Excellence Charters LLC et al v. Coleman Marine Diesel, Inc. et al

Filing 30

ORDER denying 24 Defendant's Motion to Dismiss and Motion to Strike. request for sanctions is also denied. Signed by Judge M. James Lorenz on 3/30/2017. (sjt)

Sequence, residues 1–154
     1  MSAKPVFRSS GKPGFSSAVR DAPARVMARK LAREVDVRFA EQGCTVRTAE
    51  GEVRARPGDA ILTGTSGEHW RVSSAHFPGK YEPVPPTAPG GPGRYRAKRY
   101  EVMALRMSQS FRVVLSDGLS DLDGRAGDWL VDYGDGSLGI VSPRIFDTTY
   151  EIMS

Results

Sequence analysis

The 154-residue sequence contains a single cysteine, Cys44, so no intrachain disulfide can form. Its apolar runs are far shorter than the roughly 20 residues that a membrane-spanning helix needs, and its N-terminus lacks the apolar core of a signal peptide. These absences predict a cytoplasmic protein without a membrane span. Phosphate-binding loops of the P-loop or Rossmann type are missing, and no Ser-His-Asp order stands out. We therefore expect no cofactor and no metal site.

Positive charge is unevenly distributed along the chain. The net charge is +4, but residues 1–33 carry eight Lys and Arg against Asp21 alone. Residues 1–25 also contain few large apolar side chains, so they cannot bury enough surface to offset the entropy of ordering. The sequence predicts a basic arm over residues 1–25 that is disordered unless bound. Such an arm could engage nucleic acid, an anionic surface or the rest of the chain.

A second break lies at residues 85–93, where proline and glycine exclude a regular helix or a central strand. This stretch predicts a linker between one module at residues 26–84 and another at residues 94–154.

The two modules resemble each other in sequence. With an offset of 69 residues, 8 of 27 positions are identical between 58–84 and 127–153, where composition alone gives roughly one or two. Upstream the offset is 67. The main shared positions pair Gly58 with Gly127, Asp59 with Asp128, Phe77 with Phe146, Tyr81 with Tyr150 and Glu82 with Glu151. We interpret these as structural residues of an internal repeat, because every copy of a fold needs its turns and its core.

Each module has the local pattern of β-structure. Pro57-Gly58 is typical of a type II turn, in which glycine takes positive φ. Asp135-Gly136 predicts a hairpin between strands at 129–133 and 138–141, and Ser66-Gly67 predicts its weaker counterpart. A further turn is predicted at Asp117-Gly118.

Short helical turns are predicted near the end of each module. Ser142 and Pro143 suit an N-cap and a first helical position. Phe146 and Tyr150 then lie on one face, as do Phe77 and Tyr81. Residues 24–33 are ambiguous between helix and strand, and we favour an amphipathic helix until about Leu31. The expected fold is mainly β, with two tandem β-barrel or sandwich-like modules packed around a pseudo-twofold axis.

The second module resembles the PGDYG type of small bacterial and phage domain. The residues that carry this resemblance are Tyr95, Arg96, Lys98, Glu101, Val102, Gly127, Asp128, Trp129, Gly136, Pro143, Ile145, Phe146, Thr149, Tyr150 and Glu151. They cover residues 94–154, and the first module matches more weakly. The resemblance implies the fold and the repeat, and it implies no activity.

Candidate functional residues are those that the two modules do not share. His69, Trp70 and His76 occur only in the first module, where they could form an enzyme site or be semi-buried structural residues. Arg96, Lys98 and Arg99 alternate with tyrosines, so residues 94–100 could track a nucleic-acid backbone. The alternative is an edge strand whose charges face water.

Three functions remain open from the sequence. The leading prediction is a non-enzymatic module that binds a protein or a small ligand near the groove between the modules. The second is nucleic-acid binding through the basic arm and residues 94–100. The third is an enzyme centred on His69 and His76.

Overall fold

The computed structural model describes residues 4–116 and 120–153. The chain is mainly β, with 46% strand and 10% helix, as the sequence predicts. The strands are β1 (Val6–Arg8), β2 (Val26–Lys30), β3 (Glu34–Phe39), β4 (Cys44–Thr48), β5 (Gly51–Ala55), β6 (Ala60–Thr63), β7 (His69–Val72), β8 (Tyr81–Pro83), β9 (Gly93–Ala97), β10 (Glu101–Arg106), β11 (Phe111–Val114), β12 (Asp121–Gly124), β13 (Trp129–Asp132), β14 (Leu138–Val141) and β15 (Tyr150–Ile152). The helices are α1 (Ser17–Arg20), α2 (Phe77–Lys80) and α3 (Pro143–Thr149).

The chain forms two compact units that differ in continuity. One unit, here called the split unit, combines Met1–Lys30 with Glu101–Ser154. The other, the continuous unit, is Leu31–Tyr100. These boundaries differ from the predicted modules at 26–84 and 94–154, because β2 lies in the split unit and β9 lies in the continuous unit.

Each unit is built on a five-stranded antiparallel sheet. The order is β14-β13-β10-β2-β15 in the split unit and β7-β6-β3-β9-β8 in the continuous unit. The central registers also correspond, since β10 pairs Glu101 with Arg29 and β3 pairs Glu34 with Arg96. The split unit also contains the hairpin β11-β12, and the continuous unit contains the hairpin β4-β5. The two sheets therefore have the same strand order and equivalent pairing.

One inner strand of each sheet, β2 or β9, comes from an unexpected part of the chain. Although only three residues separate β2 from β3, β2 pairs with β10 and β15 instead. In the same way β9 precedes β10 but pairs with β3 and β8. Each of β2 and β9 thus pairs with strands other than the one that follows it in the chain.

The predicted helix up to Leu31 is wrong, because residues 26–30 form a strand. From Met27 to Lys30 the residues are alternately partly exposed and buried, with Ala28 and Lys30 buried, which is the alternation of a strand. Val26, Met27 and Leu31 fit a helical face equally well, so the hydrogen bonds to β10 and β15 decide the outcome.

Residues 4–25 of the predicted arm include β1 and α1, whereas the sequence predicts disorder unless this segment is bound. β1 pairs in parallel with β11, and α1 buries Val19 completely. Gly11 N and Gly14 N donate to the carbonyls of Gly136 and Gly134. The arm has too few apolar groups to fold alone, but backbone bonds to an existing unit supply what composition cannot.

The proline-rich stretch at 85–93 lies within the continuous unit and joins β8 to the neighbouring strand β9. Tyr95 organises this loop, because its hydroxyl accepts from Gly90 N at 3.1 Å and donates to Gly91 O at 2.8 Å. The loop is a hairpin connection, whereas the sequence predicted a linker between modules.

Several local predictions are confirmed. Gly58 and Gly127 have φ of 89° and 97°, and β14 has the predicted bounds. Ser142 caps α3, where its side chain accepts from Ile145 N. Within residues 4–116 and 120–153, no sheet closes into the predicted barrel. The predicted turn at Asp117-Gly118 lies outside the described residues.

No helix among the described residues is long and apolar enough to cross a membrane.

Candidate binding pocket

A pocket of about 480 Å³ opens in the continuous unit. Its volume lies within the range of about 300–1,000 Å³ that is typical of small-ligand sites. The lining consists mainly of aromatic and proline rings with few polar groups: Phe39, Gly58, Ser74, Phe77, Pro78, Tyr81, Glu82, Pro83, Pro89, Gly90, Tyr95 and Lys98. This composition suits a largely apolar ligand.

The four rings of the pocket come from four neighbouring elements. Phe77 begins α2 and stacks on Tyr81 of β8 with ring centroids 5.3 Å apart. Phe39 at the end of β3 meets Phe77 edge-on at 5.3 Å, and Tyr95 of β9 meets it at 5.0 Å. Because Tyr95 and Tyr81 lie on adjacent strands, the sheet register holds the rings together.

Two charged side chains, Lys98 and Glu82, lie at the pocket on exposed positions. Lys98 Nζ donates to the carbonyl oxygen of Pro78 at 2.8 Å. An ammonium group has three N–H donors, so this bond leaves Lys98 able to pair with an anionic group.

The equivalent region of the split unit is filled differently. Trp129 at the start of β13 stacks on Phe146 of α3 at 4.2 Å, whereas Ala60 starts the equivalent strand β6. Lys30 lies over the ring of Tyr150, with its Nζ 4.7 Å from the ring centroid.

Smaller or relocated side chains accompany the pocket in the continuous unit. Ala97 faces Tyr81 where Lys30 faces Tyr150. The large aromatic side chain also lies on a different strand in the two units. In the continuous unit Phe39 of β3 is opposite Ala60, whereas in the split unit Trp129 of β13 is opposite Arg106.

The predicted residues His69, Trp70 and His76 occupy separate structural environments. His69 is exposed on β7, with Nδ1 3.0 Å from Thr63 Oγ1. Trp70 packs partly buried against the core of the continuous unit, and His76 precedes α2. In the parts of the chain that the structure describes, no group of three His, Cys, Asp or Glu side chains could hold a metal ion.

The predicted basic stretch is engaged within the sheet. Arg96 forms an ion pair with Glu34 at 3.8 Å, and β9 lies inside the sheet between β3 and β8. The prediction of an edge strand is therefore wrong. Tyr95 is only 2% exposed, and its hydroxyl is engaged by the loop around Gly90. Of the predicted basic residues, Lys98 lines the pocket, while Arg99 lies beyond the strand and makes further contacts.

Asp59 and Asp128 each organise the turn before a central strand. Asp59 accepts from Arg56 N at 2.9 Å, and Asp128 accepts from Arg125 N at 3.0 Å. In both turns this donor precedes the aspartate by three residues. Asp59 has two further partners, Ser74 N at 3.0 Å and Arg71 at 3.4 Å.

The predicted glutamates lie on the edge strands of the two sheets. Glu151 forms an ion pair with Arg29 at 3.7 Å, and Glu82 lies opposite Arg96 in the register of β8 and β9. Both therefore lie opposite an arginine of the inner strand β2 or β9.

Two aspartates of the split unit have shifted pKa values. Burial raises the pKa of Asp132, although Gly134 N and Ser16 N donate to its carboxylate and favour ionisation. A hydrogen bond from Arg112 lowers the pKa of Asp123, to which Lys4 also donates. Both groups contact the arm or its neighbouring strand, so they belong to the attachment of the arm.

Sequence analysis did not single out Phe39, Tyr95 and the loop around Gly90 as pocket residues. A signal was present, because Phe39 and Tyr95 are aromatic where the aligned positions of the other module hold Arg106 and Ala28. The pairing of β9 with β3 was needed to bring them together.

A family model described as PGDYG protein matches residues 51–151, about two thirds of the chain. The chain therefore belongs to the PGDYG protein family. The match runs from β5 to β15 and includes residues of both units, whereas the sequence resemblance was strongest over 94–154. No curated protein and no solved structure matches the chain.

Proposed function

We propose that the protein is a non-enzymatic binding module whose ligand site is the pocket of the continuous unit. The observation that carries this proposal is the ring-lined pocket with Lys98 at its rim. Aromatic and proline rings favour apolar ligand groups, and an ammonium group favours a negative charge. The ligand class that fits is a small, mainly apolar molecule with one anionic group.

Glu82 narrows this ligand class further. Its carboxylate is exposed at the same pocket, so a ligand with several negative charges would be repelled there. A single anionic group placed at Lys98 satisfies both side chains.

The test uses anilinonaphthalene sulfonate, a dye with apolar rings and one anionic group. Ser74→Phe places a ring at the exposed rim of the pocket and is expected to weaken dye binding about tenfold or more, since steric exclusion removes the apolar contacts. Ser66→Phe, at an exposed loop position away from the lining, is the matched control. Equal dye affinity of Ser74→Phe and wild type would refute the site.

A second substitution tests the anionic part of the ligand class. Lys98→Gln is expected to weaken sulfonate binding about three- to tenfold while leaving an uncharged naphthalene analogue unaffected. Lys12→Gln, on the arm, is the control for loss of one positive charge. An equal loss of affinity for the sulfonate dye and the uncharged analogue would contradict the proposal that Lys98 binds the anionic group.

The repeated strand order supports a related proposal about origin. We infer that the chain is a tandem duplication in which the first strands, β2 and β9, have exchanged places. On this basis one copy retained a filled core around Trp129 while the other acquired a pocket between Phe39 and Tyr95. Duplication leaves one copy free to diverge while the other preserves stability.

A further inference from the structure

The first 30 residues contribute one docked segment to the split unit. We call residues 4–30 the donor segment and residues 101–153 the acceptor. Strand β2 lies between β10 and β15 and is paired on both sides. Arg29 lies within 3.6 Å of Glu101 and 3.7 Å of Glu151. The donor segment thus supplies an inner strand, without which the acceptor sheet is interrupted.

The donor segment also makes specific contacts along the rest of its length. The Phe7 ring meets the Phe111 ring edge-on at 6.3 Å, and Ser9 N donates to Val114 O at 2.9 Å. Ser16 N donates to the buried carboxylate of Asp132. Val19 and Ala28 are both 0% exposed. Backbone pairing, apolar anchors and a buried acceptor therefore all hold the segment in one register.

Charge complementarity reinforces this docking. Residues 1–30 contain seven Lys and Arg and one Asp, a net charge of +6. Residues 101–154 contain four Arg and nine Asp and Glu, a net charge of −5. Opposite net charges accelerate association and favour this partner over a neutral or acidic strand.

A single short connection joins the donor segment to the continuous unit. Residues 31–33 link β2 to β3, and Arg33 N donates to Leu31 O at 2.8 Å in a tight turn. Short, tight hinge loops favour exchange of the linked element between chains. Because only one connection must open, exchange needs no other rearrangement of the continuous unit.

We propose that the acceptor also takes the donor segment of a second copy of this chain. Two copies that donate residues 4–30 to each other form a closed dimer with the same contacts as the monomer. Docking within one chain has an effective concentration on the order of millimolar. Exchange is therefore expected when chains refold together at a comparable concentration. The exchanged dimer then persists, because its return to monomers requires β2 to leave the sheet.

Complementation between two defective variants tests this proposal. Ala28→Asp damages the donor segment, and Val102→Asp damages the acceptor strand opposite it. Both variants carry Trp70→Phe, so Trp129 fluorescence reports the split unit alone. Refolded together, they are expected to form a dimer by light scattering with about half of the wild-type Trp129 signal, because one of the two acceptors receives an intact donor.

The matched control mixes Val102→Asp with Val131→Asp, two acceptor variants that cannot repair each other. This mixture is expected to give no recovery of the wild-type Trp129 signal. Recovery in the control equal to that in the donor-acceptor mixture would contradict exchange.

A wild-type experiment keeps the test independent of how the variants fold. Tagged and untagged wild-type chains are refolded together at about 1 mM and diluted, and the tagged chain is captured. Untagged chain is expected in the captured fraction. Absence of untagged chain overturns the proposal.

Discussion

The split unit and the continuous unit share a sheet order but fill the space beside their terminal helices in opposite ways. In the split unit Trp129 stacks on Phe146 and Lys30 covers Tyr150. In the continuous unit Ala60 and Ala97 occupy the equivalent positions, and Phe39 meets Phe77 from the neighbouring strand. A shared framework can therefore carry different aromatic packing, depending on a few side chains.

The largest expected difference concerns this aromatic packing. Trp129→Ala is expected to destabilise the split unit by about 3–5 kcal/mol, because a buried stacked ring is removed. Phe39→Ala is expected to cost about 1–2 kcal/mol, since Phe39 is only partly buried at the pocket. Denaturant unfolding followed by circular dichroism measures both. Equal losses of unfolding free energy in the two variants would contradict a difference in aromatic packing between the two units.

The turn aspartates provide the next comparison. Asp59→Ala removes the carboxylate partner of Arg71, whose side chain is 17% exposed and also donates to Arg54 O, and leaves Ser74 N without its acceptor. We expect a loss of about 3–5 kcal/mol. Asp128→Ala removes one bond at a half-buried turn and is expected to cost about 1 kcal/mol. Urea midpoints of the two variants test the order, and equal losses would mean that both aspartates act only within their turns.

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1 2 3 4 5 6 7 8 UNITED STATES DISTRICT COURT 9 SOUTHERN DISTRICT OF CALIFORNIA 10 11 EXCELLENCE CHARTERES LLC, Case No.: 3:16-cv-633-L-JMA Plaintiff, 12 13 v. 14 COLEMAN MARINE DIESEL, INC., ORDER DENYING DEFENDANT'S MOTIONS TO DISMISS AND TO STRIKE Defendant. 15 16 17 18 19 20 21 22 23 24 25 26 27 28 Pending before the Court in this admiralty action is Defendant’s motion to dismiss the second amended complaint pursuant to Federal Rule of Civil Procedure 12(b)(6) and a motion to strike pursuant to Rule 12(f). Plaintiff filed an opposition and requested sanctions. Defendant replied. The Court decides the matter on the papers submitted and without oral argument. See Civ. L. R. 7.1 (d)(1). For the reasons stated below, the motions are denied. Plaintiff's request for sanctions is also denied. I. BACKGROUND Plaintiff entered into an agreement with Defendant for repair of the Excellence, a fishing vessel. Plaintiff alleges that due to Defendant's defective installation of the fuel line and vent systems, the vessel drew water into the engine fuel systems, which caused extensive damage, expensive repairs, and lost chartering opportunities. 1 3:16-cv-633-L-JMA 1 2 Plaintiff asserts six causes of action: (1) breach of oral maritime contract; (2) 3 breach of implied maritime contract; (3) third party beneficiary claim for breach of 4 contract; (4) breach of warranty of workmanlike performance; (5) negligence; and (6) 5 bailment. The Court has jurisdiction pursuant to 28 U.S.C. § 1333. Defendant filed a 6 motion to dismiss the entire complaint under Rule 12(b)(6), 1 or alternatively, to strike 7 certain requests for relief under Rule 12(f). 8 II. 9 A motion under Rule 12(b)(6) tests the sufficiency of the complaint. Navarro v. 10 Block, 250 F.3d 729, 732 (9th Cir. 2001). Dismissal is warranted where the complaint 11 lacks a cognizable legal theory. Shroyer v. New Cingular Wireless Serv., Inc., 622 F.3d 12 1035, 1041 (9th Cir. 2010). Alternatively, a complaint may be dismissed where it 13 presents a cognizable legal theory, yet fails to plead essential facts under that theory. 14 Robertson v. Dean Witter Reynolds, Inc., 749 F.2d 530, 534 (9th Cir. 1984). 15 DISCUSSION In reviewing a Rule 12(b)(6) motion, the Court must assume the truth of all factual 16 allegations and construe them most favorably to the nonmoving party. Huynh v. Chase 17 Manhattan Bank, 465 F.3d 992, 997, 999 n.3 (9th Cir. 2006). Even if doubtful in fact, 18 factual allegations are assumed to be true. Bell Atl. Corp. v. Twombly, 550 U.S. 544, 555 19 (2007). “A well-pleaded complaint may proceed even if it strikes a savvy judge that 20 actual proof of those facts is improbable, and that a recovery is very remote and 21 unlikely.” Id. at 556 (internal quotation marks and citation omitted). On the other hand, 22 legal conclusions need not be taken as true merely because they are couched as factual 23 allegations. Id. at 555; see also Ashcroft v. Iqbal, 556 U.S. 662, 678 (2009). 24 Generally, the Court does not “require heightened fact pleading of specifics, but 25 only enough facts to state a claim to relief that is plausible on its face.” Twombly, 550 26 27 28 1 All references to a Rule are to Federal Rules of Civil Procedure. 2 3:16-cv-633-L-JMA 1 U.S. at 570. Nevertheless, a plaintiff’s obligation to provide the ‘grounds’ of his 2 ‘entitlement to relief’ requires more than labels and conclusions, and a formulaic 3 recitation of the elements of a cause of action will not do.” Id. at 555 (quoting Papasan 4 v. Allain, 478 U.S. 265, 286 (1986)). Thus, “[t]o survive a motion to dismiss, a complaint 5 must contain sufficient factual matter, accepted as true, to ‘state a claim to relief that is 6 plausible on its face.’” Iqbal, 556 U.S. at 678 (quoting Twombly, 550 U.S. at 570). “A 7 claim has facial plausibility when the plaintiff pleads factual content that allows the court 8 to draw the reasonable inference that the defendant is liable for the misconduct alleged.” 9 Id. at 678. “The plausibility standard is not akin to a ‘probability requirement,’ but it 10 asks for more than a sheer possibility that a defendant has acted unlawfully.” Id. (quoting 11 Twombly, 550 U.S. at 556). “Determining whether a complaint states a plausible claim 12 for relief will … be a context-specific task that requires the reviewing court to draw on its 13 judicial experience and common sense.” Iqbal, 556 U.S. at 679. 14 In support of dismissal, Defendant argues the complaint does not include sufficient 15 factual allegations to meet the notice pleading requirement, and that the action is barred 16 by the doctrine of laches. Defendant also moves to strike the request for special damages 17 under Rule 12(f).2 18 Defendant argues special damages are not recoverable because Plaintiff did not 19 include sufficient factual allegations. Under Rule 12(f), “the court may strike from a 20 pleading an insufficient defense or any redundant, immaterial, impertinent, or scandalous 21 matter." According to its plain meaning, Rule 12(f) does not authorize striking requests 22 for relief. Whittlestone, Inc. v. Handi-Craft Co., 618 F.3d 970, 973-74 (9th Cir. 2010). 23 To the extent Defendant suggests that Plaintiff is not entitled to special damages, its 24 argument is considered under Rule 12(b)(6). See id. at 974. 25 26 27 28 2 In the moving papers Defendant also includes a request to strike attorneys' fees and punitive damages (Mot. at 3); however, the second amended complaint does not include a prayer for these items (cf. Sec. Am. Compl. at 7-8). 3 3:16-cv-633-L-JMA 1 2 3 A. 4 Defendant claims that the complaint does not sufficiently allege the contract, its Breach of Oral and Implied Contract 5 terms, and breach. Plaintiff alleges it exchanged oral and written communications with 6 Defendant between March 2010 and January 2011 for Defendant to "repower [the 7 Excellence], remove its engines, replace its engines with MAN diesel engines, install a 8 fuel line system, and install a fuel vent system, and to do all such work properly, 9 carefully, and skillfully" in return for payment. Defendant worked on the vessel from 10 May 2010 through about January 2011 under specific job numbers listed in the 11 complaint. Plaintiff performed its obligations under the contract. When problems were 12 reported after completion of the work, Defendant performed an inspection and additional 13 work, and communicated with the vessel's captain. Plaintiff alleges Defendant breached 14 the contract by defective installation, which caused damage to the vessel, and by 15 representing that the fuel line and vent systems were installed in working condition. 16 (Sec. A. Compl. ("SAC") at 2-4.) These factual allegations are sufficient to meet the 17 notice pleading requirements of Rule 8 and Iqbal v. Ashcroft for breach of contract under 18 either oral or implied theory. See Restatement (Second) of Contracts § 4 et seq.3 19 Defendant next contends that the breach of contract claims fail because the parties 20 had a written contract, and that as a matter of law, a party cannot state a claim for breach 21 of an oral or implied contract contradicting the terms of the written agreement. In 22 support of this argument, Defendant submits its invoices. (Luk Decl. Ex. A.) 23 24 25 26 27 28 3 Throughout the motion Defendant relies on California substantive law. In an admiralty action such as this, federal substantive law applies. Golden Pisces, Inc. v. Fred Wahl Marine Constr., Inc., 495 F.3d 1078, 1080-81 (9th Cir. 2007 (relying on Restatement (Second) of Contracts as source of federal common law)). 4 3:16-cv-633-L-JMA 1 As a general rule, in ruling on a motion under Rule 12(b)(6), a court may not 2 consider any material beyond the pleadings, or the motion must be treated as a motion for 3 summary judgment and the parties provided an opportunity to present all pertinent 4 material. Fed. R. Civ. Proc. 12(d); United States v. Corinthian Colleges, 655 F.3d 984, 5 998-99 (9th Cir. 2011). The court may, however, consider materials that are submitted 6 with and attached to the complaint as well as "unattached evidence on which the 7 complaint necessarily relies if: (1) the complaint refers to the document; (2) the document 8 is central to the plaintiff's claim; and (3) no party questions the authenticity of the 9 document." Corinthian Colleges, 655 F.3d at 999 (internal quotation marks and citation 10 omitted). Plaintiff's complaint references oral and written communications regarding the 11 alleged contract, and necessarily relies on the existence of invoices. Plaintiff does not 12 question their authenticity. The invoices may therefore be considered for purposes of the 13 pending motion. Nevertheless, the court may not, on the basis of the invoices, "draw 14 inferences or take notice of facts that might reasonably be disputed." Id. at 999. 15 Defendant argues that the invoices are at odds with Plaintiff's allegations at least on 16 the issue of the identity of the contracting parties, i.e., that Plaintiff's member Shawn 17 Sweeny, rather than Plaintiff itself, contracted for the repairs, and that Defendant did not 18 warranty the repair. At most, the invoices show the extent and nature of Defendant's 19 work. They do not suffice to show that the parties had an exclusively written agreement, 20 or conclusively establish its terms. As is evident from the complaint and Defendant's 21 motion, the precise terms of the agreement and identity of the contracting parties are a 22 matter of factual dispute which cannot be resolved at the pleading stage. 23 B. 24 As an alternative, Plaintiff alleges breach of contract as a third party beneficiary. Third Party Beneficiary 25 (SAC at 5 ("If the Court nevertheless should find that the oral and implied contracts were 26 between Shawn Sweeney individually and Coleman Marine, then Excellence Charters 27 was a third party beneficiary of those contracts."). Pleading alternative causes of action 28 is permitted by Rule 8(d)(2). 5 3:16-cv-633-L-JMA 1 Defendant argues the claim should be dismissed because intent to benefit Plaintiff 2 is not sufficiently alleged. The argument is unsupported. The complaint alleges, "Shawn 3 Sweeney was a members of Excellence Charters and acted as the agent of and on behalf 4 of Excellence Charters for the transaction described below," and "Coleman Marine 5 understood or should be deemed to have understood that Shawn Sweeney intended the 6 contracts to benefit the owner of the vessel, which was Excellence Charters." (SAC at 1 7 & 5.) Defendant also suggests that the claim should be dismissed because the intent to 8 benefit is not reflected in the invoices. As stated above, the invoices at most show the 9 nature and extent of Defendant's work, and are therefore not sufficient to establish, as a 10 matter of law, the disputed fact whether Plaintiff was an intended third party beneficiary. 11 C. 12 Plaintiff seeks $73,064 in damages for loss of use of the vessel. Defendant 13 contends that Plaintiff cannot recover special damages for breach of contract4 because it 14 did not allege that loss of the vessel's use for charter hire was reasonably foreseeable at 15 the time for contracting. See Restatement (Second) of Contracts §351. Although 16 Plaintiff is not entitled to recover special damages unless it ultimately proves 17 foreseeability, id., it has sufficiently alleged the underlying breach of contract, including 18 causation and other damages, to survive a motion to dismiss. Special Damages 19 D. 20 The complaint alleges claims for bailment and breach of the implied warranty of Bailment and Breach of Implied Warranty 21 workmanlike performance. As to both claims, Defendant argues they should be 22 dismissed because Plaintiff did not sufficiently allege the existence of the underlying 23 contract. For the reasons discussed above, Plaintiff sufficiently alleged a contract. 24 E. Negligence 25 26 27 4 28 Although Defendant cites to references of special damages throughout the complaint, its argument is directed only to the breach of contract claims. (Mot. at 19-20.) 6 3:16-cv-633-L-JMA 1 Defendant next argues that Plaintiff's negligence claim should be dismissed 2 because it rests on breach of the same duty as the contract claims, i.e., defective 3 installation of the fuel line and vent systems, and because Plaintiff cannot allege breach 4 of any legal duty of care other than the alleged contractual duty. Plaintiff alleges 5 negligence as an alternative to breach of contract and adds a negligent misrepresentation 6 theory. (See SAC at 7 ("negligently misrepresented . . . that it had put [the fuel line and 7 vent] systems into good and operable working order").) While Plaintiff may not receive 8 double recovery, it has the option of proceeding either under a contract or negligence 9 theory. See In re Newport Offshore, 155 B.R. 616, 619 (Bkrtcy. D.R.I. 1993). At the 10 pleading stage, Plaintiff may pursue both alternatives. See Fed. R. Civ. Proc. 8(d)(2). 11 F. 12 Finally, Defendant maintains that the entire action should be dismissed based on Laches 13 laches. Defendant's repairs were completed in January 2011. In September 2011, 14 Defendant inspected the fuel line system and reported it was properly installed and in 15 good working order. Subsequently, the Excellence experienced oil and fuel leaks. In late 16 August 2012, Defendant sent mechanics to address those problems and make other 17 engine repairs. When the Excellence later began to take water into the engine fuel 18 system, its captain had numerous communications with Defendant to address the 19 problem. In February 2015, Plaintiff became aware that the cause of the problems was 20 Defendant's faulty installation of the fuel line and vent systems. On March 14, 2016, 21 Plaintiff filed the instant action, alleging that the nature of improper installation made it 22 impossible to discover the defect during normal operation or by normal inspection of the 23 vessel. (SAC at 2-3.) 24 "Laches is an equitable affirmative defense available for actions that do not have a 25 specific applicable statute of limitations." Hauseman v. Icicle Seafoods, Inc., 471 F.3d 26 1116, 1125 (9th Cir. 2006). Both sides assume that laches applies to all claims asserted 27 in this case. Defendant argues the action is barred because the analogous statutes of 28 limitations expired before filing. "Although courts often have presumed that laches is 7 3:16-cv-633-L-JMA 1 applicable in a suit filed beyond the analogous state limitations period, the presumption is 2 weak." Id. at 1126. What is required is “particularized evidence to support the assertion 3 that the time lag between knowledge of the potential action and the filing of the action 4 was unreasonable in length. Mere delay alone will not establish laches . . . . Even for 5 lawsuits filed beyond the analogous statutory period, the party asserting laches must 6 show that (1) plaintiff's delay in filing suit was unreasonable, and (2) defendant would 7 suffer prejudice caused by the delay if the suit were to continue.” Id. (internal quotation 8 marks, brackets, citations and ellipsis omitted). 9 At the pleading stage, the Court looks to the allegations in the complaint to 10 determine whether the action is time barred. See Huynh, 465 F.3d at 997 (statute of 11 limitations). Plaintiff alleged the continuing nature of the water problems and 12 Defendant's continuing engagement to address them, and that due to the nature of the 13 improper installation, it was very difficult to determine that the cause of the problems 14 was defective installation. Although Defendant argues prejudice in its motion, the 15 prejudice is not apparent from the face of the complaint, especially in light of Defendant's 16 alleged continued involvement in the repairs. Because neither unreasonableness of the 17 delay nor Defendant's prejudice is apparent, at this stage, the action cannot be dismissed 18 for laches. See id.; Jablon v. Dean Witter & Co., 614 F.2d 677, 682 (9th Cir. 1980) (no 19 dismissal unless time bar apparent on the face of the complaint). 20 21 22 For the foregoing reasons, Defendant's motion to dismiss is denied. Plaintiff's request for sanctions is also denied. IT IS SO ORDERED. 23 24 Dated: March 30, 2017 25 26 27 28 8 3:16-cv-633-L-JMA